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Whether your workforce is preparing to return to the office, working remotely, or doing a combination of both, it’s important to consider the impact that long periods of remote working may have had on employees’ mindset and motivation. Mental health continues to be a primary concern for workers in 2021.  As IFS enters its second year of ‘working from home’, wellbeing has become a prominent topic on our executives’ agenda.

Our employees beat at the very heart of our business, so scheduling time to discuss wellbeing with employees was an important first step in our action plan. It provided a valuable opportunity for our people to discover what is meant by well-being, how important mental health is and how it relates to workload and productivity. As the line between our personal and work lives were blurred even further, IFS set out some clear direction to address wellbeing and mental health.

work from home


When much of the world went into lockdown and schools closed, our first response was to provide flexible working hours to our employees.

We’ve always been a company that offers flexible working. But with the added pressure of children at home, and the added responsibility to manage home and online schooling we doubled down on communication so that employees knew what their options were and how we could support them. One such option was partly-funded sabbatical leave aimed at easing the challenging personal situations that resulted from the pandemic.

Knowledge is power

The symptoms of mental health and how to address them are not always obvious, so awareness and education are fundamental. We addressed this through knowledge sharing. Workshops helped employees to identify what wellbeing should mean to them, how to maintain it as well as how to use mindfulness and self-reflection to devise strategies that work best for them.

A team of internal advocates with a personal interest in mental health created a wellbeing, healthy and energized program. Workshops are helping guide leaders and managers with topics such as how to lead by example, how to start conversations on the topic of mental health and give them an opportunity to practice these conversations.

Mental Health and Wellbeing

Creating space

Our active listening initiatives paid off. After one employee gleefully reported that a public holiday in the UK had resulted in a super productive day, we introduced ‘Meeting Free Friday’. This pilot in the global marketing team sees us all blocking out one Friday per month during which there are no meetings scheduled so people can focus on their work.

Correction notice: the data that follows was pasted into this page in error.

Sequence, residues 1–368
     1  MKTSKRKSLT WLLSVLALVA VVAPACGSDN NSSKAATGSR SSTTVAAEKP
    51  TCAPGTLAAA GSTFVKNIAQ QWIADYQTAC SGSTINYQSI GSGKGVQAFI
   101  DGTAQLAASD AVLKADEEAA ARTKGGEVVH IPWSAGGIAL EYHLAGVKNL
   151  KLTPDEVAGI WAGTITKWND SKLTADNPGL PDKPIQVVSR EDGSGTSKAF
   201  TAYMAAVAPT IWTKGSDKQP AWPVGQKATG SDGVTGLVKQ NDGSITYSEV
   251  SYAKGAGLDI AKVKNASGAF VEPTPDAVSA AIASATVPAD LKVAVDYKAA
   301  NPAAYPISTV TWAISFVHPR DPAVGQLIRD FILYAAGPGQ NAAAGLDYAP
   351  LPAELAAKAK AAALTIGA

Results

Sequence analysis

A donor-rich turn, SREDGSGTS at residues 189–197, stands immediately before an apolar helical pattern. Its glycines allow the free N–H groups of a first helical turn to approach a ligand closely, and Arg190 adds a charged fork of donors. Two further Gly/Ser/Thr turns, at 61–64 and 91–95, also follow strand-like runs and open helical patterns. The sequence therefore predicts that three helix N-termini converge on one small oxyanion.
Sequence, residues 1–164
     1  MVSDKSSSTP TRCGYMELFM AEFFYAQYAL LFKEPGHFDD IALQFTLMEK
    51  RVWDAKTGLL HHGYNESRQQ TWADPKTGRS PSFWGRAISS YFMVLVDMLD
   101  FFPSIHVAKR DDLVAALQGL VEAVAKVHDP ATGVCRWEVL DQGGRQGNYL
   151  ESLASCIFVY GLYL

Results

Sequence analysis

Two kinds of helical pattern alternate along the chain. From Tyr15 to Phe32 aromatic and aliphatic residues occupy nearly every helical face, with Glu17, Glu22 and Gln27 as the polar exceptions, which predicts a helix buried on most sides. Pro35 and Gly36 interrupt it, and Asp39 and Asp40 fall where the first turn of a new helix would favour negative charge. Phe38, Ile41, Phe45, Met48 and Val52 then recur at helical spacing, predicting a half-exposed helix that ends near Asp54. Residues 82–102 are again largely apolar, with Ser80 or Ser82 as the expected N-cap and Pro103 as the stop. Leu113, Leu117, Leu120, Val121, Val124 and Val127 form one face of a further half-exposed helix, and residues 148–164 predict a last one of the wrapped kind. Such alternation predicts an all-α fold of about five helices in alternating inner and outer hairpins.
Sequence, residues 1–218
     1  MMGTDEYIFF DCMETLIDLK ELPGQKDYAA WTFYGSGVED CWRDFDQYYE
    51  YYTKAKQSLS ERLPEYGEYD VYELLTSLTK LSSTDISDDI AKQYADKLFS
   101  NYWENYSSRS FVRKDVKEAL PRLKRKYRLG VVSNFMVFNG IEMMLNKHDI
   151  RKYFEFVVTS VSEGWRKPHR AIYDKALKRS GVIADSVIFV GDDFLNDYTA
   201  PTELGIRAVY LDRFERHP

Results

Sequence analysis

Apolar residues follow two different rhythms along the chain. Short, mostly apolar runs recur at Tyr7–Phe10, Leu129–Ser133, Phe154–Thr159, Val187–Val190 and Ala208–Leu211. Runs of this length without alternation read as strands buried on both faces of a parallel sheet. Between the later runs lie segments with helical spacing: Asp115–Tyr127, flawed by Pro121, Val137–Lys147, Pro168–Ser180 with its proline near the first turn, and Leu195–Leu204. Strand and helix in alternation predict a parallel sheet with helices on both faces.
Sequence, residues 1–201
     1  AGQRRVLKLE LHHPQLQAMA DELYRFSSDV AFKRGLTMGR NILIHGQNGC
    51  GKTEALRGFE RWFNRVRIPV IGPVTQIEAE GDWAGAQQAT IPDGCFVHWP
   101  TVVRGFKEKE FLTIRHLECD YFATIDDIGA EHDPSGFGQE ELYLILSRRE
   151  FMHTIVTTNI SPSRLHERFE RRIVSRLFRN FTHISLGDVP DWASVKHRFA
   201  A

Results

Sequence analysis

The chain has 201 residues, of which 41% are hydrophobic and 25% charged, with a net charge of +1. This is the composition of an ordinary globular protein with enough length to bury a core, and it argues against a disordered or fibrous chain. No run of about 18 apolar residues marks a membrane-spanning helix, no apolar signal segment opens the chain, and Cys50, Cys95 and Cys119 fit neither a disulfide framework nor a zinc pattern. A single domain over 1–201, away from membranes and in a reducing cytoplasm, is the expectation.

We’re also changing how we set meetings. Leading by example, I’m creating meetings of 25 minutes instead of 30 minutes and 45 minutes instead of an hour by simply changing my calendar settings in Outlook. This allows people to have a small break in between meetings in order to grab a drink, take a break, move their body or even simply gather their thoughts. Even these small breaks can have a big impact on brain function and decrease stress levels.

And the creativity doesn’t end there. Teams are also working in Lunch and Learn sessions to share their ideas, tips, and best practices to inspire each other.

Structured Learning

In addition to the collaboration initiatives, we’ve created and made available to all, a Wellbeing Curriculum. At IFS every employee has access to our own e-learning academy where we’ve added curriculums around wellbeing. There are several modules around diet, exercise, mindfulness, mental health and explanatory reading on wellbeing-related topics.

We’ve created the wellbeing puzzle to help employees to visualize their own mental health status in a visual way. When you break a bone, it is relatively easy to diagnose the injury with an x-ray. With mental health, it’s not always that easy. This acts as a great checkpoint that is unique to each employee.

I’ve been really pleased to see the team create their own structured events too. We use Workplace by Facebook as an internal communication tool. It’s proven to be a great platform for adding fun into the wellbeing mix. International teams created initiatives such as the ‘Get Fit Challenge’ which saw colleagues from around the world collaborating on their own fitness regimes while raising charitable funds for the IFS Foundation.

By providing a wider spectrum of topics, tools, information support and ways of engaging our employees, we’ve given them the choice to use what suits them best. After all, we are all individuals.

Mental Health and Wellbeing

What is hugely important is establishing mental health and wellbeing initiatives as the norm. They must be ongoing and pervasive throughout the organization. We’ve made great progress already, but it’s important that we keep the momentum going. We’ve all learned a lot in the last 18 months, not least that we have the power to change our own lives. Even when some of us return to office-based working over the coming months, I hope some of the positive elements of the lockdowns will remain. I certainly plan to hold onto some of my own best practices and hope to see the same embedded into our unique IFS culture.

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